The paper is organized as follows. In Section 2 we introduce the notation and the problem formulation. Then, Section 3 analyzes the structure of the optimal solutions, providing the conditions to determine the presence of unnecessary constraints. The formal definition of unnecessary constraint and the related theorems are reported in Section 3.2. In Section 4 we show how the proposed method is applied by means of some examples and finally, some conclusions and future directions are discussed in Section 5.
2 Learning from Constraints in Kernel Machines
We consider a multi–task learning problem with denoting a set of functions to be learned. We assume that each belongs to a Reproducing Kernel Hilbert Space (RKHS)  and it is expressed as
where is a function that maps the input space into a feature space (possibly having infinite dimensions), such that , where is the -th kernel function. The notation is quite general to take into account the fact that predicates (f.i. unary or binary) can be defined on different domains and approximated by different kernel functions111Predicates sharing the same domain may be approximated in the same RKHS by using the same kernel function..
We assume a semi-supervised scheme in which each is trained on two datasets, containing the supervised examples and containing the unsupervised ones, while all the available input samples for are collected in , as follows
In the following, whenever we write , we assume . Functions in P are assumed to be predicates subject to some prior knowledge expressed by a set of First–Order Logic (FOL) formulas with in a knowledge base , and evaluated on the available samples for each predicate.
The learning problem is formulated to require the satisfaction of three classes of constraints, defined as follows.
Consistency constraints derive from the need to limit the values of predicates into , in order to be consistent with the logical operators:
Pointwise constraints derive from the supervisions by requiring the output of the functions to be 1 for target and 0 for :
Logical constraints are obtained by mapping each formula in KB into a continuous real-valued function according to the operations of a certain t-norm fuzzy logic222See e.g.  for more details on fuzzy logics. (see Tab. 1 for the Łukasiewicz fuzzy logic) and then forcing their satisfaction by
where for any , is the vector of the evaluations (groundings) of the -th predicate on the samples in and is the concatenation of the groundings of all the predicates.
2.2 Optimization Problem
Given the previously defined constraints, the learning problem can be formulated as primal optimization as,
This problem was shown to be solvable by quadratic optimization provided the formulas in belong to the convex Łukasiewicz fragment (i.e. formulas exploiting only the operators in Tab. 1 ) and, in the following, we keep this assumption. This yields the functional constraints to be both convex and piecewise linear functions, hence they can be expressed as the max of a set of affine functions333The number of linear pieces depends on both the formula and the number of groundings used in that formula. (see Theorem 2.49 in )
where is a vector defining the -th linear piece depending on the structure of the -th formula, and . Basically any weighs the contribution of the -th sample in for the -th predicate in the -th linear piece deriving from the Łukasiewicz formula of the -th logic constraint. The matrix , obtained concatenating all the by row, may have several null elements, as shown in the examples reported in the following.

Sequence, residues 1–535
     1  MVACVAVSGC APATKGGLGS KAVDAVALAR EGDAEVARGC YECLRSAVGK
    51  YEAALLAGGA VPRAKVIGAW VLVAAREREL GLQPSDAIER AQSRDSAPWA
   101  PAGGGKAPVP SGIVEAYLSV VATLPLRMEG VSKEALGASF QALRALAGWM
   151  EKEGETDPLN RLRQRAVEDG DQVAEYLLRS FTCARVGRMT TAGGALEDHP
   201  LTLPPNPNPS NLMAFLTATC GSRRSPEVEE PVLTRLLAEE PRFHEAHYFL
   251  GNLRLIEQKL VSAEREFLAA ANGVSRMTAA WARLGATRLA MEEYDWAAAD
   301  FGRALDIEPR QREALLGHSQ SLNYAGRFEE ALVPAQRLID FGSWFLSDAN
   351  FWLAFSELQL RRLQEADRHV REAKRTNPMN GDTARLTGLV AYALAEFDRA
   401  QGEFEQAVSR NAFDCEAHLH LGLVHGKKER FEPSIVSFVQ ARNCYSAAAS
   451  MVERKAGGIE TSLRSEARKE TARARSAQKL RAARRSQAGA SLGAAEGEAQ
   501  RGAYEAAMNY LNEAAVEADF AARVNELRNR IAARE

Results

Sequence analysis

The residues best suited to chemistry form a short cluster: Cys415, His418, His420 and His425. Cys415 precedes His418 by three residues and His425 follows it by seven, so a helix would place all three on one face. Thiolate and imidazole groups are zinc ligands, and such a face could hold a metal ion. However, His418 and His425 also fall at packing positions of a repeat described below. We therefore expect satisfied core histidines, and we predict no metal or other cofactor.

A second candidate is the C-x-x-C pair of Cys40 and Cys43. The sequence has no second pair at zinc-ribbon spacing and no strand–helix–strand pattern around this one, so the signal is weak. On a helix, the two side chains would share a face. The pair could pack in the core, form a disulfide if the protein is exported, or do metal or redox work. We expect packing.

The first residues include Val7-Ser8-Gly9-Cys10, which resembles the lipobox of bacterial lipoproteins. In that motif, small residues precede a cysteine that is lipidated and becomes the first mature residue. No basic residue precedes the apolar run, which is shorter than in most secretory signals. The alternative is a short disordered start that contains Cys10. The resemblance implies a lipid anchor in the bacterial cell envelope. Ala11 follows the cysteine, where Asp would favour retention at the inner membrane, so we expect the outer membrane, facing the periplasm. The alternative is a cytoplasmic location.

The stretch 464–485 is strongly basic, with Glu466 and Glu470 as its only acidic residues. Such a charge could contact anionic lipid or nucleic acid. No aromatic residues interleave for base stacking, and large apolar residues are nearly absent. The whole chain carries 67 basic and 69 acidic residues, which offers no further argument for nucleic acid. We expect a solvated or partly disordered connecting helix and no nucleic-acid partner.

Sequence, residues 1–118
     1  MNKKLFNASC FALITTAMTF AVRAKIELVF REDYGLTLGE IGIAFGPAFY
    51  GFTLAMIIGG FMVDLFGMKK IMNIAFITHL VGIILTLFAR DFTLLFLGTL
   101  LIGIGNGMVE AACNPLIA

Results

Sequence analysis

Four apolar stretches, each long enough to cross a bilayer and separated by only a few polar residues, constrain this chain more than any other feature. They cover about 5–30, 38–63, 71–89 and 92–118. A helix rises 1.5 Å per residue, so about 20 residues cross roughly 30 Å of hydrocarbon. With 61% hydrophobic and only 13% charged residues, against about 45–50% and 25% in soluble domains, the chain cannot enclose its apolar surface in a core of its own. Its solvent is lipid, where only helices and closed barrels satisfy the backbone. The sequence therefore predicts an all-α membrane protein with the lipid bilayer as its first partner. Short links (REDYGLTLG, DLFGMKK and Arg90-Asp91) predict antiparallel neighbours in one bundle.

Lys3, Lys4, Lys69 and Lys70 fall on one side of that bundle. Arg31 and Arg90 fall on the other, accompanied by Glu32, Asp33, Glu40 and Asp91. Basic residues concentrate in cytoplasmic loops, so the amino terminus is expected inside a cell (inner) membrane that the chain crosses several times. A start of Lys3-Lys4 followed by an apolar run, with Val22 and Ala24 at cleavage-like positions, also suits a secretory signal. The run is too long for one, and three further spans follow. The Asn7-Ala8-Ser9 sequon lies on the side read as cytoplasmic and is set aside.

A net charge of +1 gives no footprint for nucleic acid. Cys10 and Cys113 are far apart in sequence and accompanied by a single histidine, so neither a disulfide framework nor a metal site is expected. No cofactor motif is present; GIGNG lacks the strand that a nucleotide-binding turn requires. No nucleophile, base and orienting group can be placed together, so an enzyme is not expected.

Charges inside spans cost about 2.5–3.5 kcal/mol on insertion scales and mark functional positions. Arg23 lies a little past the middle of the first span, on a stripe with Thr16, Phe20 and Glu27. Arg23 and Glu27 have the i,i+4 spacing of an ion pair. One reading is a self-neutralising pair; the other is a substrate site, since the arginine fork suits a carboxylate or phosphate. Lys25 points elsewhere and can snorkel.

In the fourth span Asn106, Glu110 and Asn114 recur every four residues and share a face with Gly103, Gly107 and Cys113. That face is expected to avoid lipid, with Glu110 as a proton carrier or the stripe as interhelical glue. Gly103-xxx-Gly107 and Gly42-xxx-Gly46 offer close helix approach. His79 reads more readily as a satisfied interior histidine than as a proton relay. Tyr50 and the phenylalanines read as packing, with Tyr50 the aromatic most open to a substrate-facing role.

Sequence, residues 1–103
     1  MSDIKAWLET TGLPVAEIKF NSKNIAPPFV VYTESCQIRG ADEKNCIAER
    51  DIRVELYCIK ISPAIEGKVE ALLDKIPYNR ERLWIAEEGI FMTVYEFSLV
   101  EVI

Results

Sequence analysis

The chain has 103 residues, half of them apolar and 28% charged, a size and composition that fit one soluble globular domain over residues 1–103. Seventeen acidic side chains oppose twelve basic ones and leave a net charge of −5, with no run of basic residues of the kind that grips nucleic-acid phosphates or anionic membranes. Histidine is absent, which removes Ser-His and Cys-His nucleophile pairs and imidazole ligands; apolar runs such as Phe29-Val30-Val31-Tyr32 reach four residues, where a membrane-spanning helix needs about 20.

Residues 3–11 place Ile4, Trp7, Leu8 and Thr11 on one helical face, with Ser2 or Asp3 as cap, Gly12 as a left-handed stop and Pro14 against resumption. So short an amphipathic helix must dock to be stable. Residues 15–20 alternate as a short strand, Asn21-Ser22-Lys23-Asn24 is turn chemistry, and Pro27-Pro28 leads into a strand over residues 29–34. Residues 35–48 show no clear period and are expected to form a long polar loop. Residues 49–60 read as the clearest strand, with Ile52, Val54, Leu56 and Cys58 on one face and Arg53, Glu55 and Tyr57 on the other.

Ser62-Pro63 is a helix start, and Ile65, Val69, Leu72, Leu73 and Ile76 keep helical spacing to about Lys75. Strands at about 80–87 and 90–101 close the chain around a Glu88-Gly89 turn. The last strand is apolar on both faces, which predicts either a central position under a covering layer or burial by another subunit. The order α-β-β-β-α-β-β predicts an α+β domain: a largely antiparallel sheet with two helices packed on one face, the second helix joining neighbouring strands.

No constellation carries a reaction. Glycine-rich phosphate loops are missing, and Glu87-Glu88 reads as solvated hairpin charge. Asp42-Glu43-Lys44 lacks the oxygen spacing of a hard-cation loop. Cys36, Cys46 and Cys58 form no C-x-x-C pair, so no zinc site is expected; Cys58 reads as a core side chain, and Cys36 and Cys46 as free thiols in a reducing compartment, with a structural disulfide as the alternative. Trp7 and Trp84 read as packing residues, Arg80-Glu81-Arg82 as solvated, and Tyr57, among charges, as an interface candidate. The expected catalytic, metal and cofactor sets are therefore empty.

Let be a unary and a binary predicate, respectively, evaluated on and so that , denote their grounding vectors. Given the formula , according to the convex Łukasiewicz operators, its corresponding functional constraint can be rewritten as the max of a set of affine functions, i.e. , that can be made explicit with respect to the grounding vectors of and by:
In this case , and, for instance, and .
According to eq. (1), any logical constraint for can be replaced by linear constraints , yielding Problem 1 to be reformulated as quadratic programming. Hence, assuming to satisfy the associated KKT–conditions and that the feasible set of solutions is not empty, for any the optimal solution obtained by differentiating the Lagrangian function of Problem 1 (see ) is computed as:
Each solution can be written as an expansion of the -th kernel with respect to the three different types of constraints on the corresponding sample points. As in classical SVMs, we may study the constraints whose optimal Lagrange multipliers are not null, namely the support (active) constraints.
3 Unnecessary Constraints
The optimal solution of Problem 1 is determined only by the support constraints. The problem is convex if the Gram matrix of the chosen kernel is positive-semidefinite and strictly convex if it is positive-definite. The solution is guaranteed to be unique only in this second case . For both cases, different multiplier vectors , may yield an optimal solution for the Lagrangian function associated to the problem, e.g. see Example 3.
In this study, we are interested in constraints that are not necessary for the optimization, even if they may turn out to be active for a certain solution. The main results of this paper establish some criteria to discover unnecessary constraints and their relationship with the underling consequence relation among formulas in Łukasiewicz logic.
3.1 About Multipliers for Logical Constraints
By construction, pointwise and consistency constraints are both related to a single sample for a given predicate. This means that the contribution of the active constraints of this type in any point is weighted by a specific multiplier, as expressed by the first and third summations in eq. . On the opposite, each logical constraint involves in general more predicates eventually evaluated on different points (each Lagrange multiplier in the second summation of eq. is associated to a set of samples). Hence we may wonder if it exists a vector of Lagrange multipliers yielding the same contribution to the solution for each point, for which as much as possible multipliers are null.